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The V1 Group (HKG:82) Share Price Is Down 74% So Some Shareholders Are Rather Upset

Simply Wall St

V1 Group Limited (HKG:82) shareholders should be happy to see the share price up 20% in the last quarter. But that can't change the reality that over the longer term (five years), the returns have been really quite dismal. Indeed, the share price is down 74% in the period. So we're hesitant to put much weight behind the short term increase. We'd err towards caution given the long term under-performance.

See our latest analysis for V1 Group

Because V1 Group is loss-making, we think the market is probably more focussed on revenue and revenue growth, at least for now. When a company doesn't make profits, we'd generally expect to see good revenue growth. That's because it's hard to be confident a company will be sustainable if revenue growth is negligible, and it never makes a profit.

Over five years, V1 Group grew its revenue at 49% per year. That's better than most loss-making companies. So it's not at all clear to us why the share price sunk 23% throughout that time. You'd have to assume the market is worried that profits won't come soon enough. We'd recommend carefully checking for indications of future growth - and balance sheet threats - before considering a purchase.

The graphic below depicts how earnings and revenue have changed over time (unveil the exact values by clicking on the image).

SEHK:82 Income Statement, November 19th 2019

We like that insiders have been buying shares in the last twelve months. Having said that, most people consider earnings and revenue growth trends to be a more meaningful guide to the business. Dive deeper into the earnings by checking this interactive graph of V1 Group's earnings, revenue and cash flow.

What about the Total Shareholder Return (TSR)?

We'd be remiss not to mention the difference between V1 Group's total shareholder return (TSR) and its share price return. The TSR attempts to capture the value of dividends (as if they were reinvested) as well as any spin-offs or discounted capital raisings offered to shareholders. Its history of dividend payouts mean that V1 Group's TSR, which was a 69% drop over the last 5 years, was not as bad as the share price return.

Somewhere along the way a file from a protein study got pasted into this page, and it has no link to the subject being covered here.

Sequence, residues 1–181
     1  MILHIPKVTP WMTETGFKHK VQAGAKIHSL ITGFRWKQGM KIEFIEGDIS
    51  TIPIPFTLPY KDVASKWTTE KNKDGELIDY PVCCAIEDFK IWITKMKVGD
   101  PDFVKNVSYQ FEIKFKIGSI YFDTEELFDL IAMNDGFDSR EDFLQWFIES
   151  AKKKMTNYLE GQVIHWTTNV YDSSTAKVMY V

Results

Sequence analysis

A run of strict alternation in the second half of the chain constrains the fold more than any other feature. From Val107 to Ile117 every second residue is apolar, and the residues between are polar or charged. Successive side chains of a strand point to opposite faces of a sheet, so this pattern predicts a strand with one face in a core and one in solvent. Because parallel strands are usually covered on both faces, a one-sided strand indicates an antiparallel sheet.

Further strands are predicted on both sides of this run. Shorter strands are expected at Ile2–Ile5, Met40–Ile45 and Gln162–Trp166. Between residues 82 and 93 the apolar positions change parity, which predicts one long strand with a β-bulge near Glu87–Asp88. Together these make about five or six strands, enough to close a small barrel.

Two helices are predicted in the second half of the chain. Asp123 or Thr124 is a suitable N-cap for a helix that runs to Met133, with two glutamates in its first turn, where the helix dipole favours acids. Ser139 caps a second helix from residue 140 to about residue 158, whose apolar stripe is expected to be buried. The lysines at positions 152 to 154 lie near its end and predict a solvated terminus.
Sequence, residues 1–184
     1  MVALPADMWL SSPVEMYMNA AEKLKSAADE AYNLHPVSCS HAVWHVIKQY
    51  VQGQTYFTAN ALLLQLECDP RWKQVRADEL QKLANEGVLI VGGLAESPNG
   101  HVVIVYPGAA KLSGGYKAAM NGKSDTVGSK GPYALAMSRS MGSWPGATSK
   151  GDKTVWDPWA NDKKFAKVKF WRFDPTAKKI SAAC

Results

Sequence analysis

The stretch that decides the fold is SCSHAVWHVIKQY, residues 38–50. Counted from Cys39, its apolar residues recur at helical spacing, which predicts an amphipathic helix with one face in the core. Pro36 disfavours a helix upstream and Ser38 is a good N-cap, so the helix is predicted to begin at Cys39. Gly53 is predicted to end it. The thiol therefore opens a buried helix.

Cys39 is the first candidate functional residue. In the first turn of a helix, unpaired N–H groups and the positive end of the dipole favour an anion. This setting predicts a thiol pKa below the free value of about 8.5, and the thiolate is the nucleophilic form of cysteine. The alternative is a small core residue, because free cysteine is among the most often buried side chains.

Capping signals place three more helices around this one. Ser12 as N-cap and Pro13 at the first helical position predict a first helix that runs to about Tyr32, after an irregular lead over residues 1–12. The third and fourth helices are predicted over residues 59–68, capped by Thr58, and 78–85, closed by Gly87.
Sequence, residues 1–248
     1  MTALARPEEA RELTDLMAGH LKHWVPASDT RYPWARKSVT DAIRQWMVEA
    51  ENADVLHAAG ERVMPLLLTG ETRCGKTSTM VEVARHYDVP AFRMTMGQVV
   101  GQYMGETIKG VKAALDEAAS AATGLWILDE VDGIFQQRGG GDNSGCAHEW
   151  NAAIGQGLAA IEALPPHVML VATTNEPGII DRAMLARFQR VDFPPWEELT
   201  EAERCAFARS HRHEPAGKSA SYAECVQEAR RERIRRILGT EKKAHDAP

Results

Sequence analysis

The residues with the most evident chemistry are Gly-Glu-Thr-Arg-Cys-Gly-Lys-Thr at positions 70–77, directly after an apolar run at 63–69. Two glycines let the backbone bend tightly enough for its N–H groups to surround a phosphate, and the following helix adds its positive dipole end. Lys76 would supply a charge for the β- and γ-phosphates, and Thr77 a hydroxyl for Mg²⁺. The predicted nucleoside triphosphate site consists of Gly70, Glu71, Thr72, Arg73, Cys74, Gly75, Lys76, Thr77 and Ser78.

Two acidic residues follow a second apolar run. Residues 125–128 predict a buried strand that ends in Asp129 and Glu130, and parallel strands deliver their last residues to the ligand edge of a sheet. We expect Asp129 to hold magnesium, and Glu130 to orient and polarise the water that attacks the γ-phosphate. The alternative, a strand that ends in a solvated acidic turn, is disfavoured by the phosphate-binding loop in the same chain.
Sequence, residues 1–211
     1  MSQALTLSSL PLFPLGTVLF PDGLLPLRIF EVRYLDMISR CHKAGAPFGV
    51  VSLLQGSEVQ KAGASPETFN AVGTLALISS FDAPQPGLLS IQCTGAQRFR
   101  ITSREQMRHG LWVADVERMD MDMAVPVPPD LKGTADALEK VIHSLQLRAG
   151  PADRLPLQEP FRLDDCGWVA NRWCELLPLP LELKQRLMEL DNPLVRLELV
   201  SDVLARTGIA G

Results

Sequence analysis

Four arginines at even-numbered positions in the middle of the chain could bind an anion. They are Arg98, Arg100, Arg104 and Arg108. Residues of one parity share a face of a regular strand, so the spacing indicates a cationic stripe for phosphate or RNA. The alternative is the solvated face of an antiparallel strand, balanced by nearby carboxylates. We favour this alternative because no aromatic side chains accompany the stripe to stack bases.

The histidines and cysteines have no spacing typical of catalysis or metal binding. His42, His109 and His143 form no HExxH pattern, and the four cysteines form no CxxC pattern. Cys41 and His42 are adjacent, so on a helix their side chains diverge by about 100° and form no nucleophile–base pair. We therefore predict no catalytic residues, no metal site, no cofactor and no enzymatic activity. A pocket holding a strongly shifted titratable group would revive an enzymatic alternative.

A Different Perspective

V1 Group shareholders are down 13% for the year, but the market itself is up 1.2%. Even the share prices of good stocks drop sometimes, but we want to see improvements in the fundamental metrics of a business, before getting too interested. However, the loss over the last year isn't as bad as the 21% per annum loss investors have suffered over the last half decade. We'd need to see some sustained improvements in the key metrics before we could muster much enthusiasm. If you want to research this stock further, the data on insider buying is an obvious place to start. You can click here to see who has been buying shares - and the price they paid.

There are plenty of other companies that have insiders buying up shares. You probably do not want to miss this free list of growing companies that insiders are buying.

Please note, the market returns quoted in this article reflect the market weighted average returns of stocks that currently trade on HK exchanges.

We aim to bring you long-term focused research analysis driven by fundamental data. Note that our analysis may not factor in the latest price-sensitive company announcements or qualitative material.

If you spot an error that warrants correction, please contact the editor at editorial-team@simplywallst.com. This article by Simply Wall St is general in nature. It does not constitute a recommendation to buy or sell any stock, and does not take account of your objectives, or your financial situation. Simply Wall St has no position in the stocks mentioned. Thank you for reading.